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Last Night In Soho – Review

The comforts of the past can be a dangerous place to hide, and this is even more prevalent in Universal’s latest thriller, Last Night in Soho. Known for some classic horror satire comedy hits such as Shaun of the Dead and Hot Fuzz, this isn’t Edgar Wright’s first foray into the genre. This is, however, a more ambitious film that blurs the lines between fiction and reality in both past and present Soho.

Starring Tomasin McKenzie, known for her recent success in JoJo Rabbit, embodies a starry-eyed, coming-of-age Eloise “Ellie” Turner, bound for University in the big city. Dreams of becoming a fashion designer with a certain affinity for the ’60s are met with the pressure of social assimilation. Determined yet unsure of herself, she takes the step to further her independence with her own place in a run-down hotel room for lease.

Quite often in a psychological thriller, there is a trend of front-loading the exposition to jump right into the unnerving tension. I want to compliment the writing by Krysty Wilson-Cairns by taking the extra time to let you experience the muted atmosphere of modern-day Soho. By letting the world and characters develop naturally, you become complacent and the odd sense of intrigue injects itself from time to time. Elements of the world were revealed organically that on its own seemed innocent enough, but would eventually pay off dramatically. One night, Ellie lay down her weary head to rest and woke up in a neon wonderland that was from another time.

Edgar is not the first director to time his scene transitions and lighting to the sound design but he certainly has a gift for delivering this very format. As a viewer, I felt as captivated as Ellie was by the sudden transitions to the ’60s with the extravagant aesthetic extending from the era-appropriate cars to the dapper fashion sense. The musical score was such an integral part of the film and it followed Ellie throughout in such a clever manner. All of the glitz and glamor was already a lot to process for Ellie and it gets further complicated when her reflection showed a complete stranger. The use of mirror work was a consistent element that played on old superstitious beliefs surrounding mirrors being a gateway to the supernatural.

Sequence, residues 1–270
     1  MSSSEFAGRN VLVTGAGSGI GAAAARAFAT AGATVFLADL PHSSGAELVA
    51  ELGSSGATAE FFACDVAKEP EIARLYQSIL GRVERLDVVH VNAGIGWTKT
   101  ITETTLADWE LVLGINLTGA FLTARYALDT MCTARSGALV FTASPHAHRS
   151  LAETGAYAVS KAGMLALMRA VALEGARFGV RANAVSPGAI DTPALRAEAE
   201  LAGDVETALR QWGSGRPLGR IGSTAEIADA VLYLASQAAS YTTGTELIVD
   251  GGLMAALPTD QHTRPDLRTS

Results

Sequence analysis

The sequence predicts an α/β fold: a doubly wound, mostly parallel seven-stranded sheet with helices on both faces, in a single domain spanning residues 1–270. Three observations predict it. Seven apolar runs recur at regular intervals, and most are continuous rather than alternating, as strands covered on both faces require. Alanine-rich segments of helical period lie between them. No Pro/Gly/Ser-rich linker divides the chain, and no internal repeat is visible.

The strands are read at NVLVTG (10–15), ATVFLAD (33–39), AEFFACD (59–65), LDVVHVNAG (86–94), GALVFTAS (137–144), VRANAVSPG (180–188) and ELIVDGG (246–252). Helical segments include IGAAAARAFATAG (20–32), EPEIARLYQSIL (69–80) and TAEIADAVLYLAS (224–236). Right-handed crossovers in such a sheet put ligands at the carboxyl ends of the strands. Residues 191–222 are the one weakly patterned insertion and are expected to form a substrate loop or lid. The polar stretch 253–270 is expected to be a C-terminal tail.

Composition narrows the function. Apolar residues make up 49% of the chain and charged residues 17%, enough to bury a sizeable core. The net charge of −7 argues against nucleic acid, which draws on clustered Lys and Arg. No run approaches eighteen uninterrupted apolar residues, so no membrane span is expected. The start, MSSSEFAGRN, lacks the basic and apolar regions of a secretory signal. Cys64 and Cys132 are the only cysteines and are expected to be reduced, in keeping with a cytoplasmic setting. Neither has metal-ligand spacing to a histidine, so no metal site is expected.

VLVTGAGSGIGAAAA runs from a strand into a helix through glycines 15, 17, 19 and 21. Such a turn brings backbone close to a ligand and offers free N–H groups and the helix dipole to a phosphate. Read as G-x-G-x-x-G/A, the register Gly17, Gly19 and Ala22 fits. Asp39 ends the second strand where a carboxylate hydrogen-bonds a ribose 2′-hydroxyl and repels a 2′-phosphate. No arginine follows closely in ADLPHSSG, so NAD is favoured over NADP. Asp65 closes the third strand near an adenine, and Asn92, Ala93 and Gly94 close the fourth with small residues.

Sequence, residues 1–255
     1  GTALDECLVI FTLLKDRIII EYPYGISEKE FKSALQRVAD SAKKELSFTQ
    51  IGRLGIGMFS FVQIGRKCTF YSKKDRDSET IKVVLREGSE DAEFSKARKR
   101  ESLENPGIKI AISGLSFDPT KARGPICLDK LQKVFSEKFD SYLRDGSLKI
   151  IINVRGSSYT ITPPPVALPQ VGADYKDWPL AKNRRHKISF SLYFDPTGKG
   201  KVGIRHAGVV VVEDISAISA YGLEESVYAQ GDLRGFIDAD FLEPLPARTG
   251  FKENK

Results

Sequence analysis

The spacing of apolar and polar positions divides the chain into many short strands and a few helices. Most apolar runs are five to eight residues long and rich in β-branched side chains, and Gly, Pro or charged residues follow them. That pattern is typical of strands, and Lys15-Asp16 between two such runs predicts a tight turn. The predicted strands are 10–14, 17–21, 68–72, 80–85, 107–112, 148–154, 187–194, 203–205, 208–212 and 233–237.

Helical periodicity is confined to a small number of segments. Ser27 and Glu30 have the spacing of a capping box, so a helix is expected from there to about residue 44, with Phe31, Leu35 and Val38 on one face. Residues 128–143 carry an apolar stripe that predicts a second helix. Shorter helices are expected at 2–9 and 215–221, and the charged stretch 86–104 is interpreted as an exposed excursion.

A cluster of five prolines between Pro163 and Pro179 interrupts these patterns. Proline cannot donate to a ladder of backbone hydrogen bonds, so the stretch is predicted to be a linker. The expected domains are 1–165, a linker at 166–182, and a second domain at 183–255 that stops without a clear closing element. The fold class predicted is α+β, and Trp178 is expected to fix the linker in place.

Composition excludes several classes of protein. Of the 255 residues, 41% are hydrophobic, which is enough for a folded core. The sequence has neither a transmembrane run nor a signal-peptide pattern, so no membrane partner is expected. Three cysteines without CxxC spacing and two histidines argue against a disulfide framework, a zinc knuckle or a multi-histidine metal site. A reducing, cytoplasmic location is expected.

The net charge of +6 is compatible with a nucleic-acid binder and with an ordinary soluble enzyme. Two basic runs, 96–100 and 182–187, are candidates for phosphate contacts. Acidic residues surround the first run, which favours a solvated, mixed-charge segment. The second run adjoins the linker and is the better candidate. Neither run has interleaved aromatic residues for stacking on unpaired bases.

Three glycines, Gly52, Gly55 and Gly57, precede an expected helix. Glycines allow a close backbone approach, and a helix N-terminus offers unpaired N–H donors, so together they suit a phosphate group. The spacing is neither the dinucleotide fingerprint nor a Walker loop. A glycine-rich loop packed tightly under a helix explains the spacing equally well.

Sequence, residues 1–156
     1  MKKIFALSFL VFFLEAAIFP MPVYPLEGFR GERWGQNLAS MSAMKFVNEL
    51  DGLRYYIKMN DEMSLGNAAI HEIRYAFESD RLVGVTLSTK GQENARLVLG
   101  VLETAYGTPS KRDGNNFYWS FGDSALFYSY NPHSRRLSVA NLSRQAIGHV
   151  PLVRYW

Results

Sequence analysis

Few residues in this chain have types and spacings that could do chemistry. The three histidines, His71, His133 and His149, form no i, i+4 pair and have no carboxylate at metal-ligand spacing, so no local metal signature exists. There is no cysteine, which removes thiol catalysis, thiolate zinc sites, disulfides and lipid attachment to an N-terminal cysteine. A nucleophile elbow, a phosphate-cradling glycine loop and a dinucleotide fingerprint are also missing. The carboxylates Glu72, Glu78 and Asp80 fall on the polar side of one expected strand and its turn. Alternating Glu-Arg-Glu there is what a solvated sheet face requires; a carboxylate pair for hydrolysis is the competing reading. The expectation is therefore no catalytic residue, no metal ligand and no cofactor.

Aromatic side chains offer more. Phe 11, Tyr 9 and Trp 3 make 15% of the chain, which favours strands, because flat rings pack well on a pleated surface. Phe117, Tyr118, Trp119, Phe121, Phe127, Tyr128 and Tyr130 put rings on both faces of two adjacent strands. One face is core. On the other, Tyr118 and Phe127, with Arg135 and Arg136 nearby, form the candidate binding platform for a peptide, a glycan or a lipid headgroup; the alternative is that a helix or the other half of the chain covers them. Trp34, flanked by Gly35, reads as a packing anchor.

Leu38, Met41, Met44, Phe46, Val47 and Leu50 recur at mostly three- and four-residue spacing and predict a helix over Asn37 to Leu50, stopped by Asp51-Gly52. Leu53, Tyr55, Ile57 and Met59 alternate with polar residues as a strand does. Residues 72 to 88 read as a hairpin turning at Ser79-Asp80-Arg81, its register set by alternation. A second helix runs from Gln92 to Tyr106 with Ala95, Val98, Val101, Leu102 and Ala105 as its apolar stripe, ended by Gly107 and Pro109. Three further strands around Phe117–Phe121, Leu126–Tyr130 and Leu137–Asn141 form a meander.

Anya Taylor-Joy from the critically acclaimed Queens Gambit plays Sandie, the aspiring singer and dream counterpart to Ellie. Her confident and graceful demeanour was as radiant as her poise and voice. It was everything that Ellie envisioned that she could be, and the charming Jack tied it all together in a neat little bow. The talented Matt Smith, known for recent roles such as Prince Philip in The Crown, was a striking presence on screen and was able to draw focus even when surrounded by eye-catching set dressings.

The seamless transitions and melding of the two worlds felt effortless and learning how much was of the work was practical choreography was surprising. The more that Ellie let herself be consumed by the emotions of her dream world, the more it began to shape her own personality. That is until the cracks began to show and her visions slowly became a twisted nightmare leading to some horrifying realisations. The tone of the movie and characters would slowly decay as the colour scheme matched the growing despair.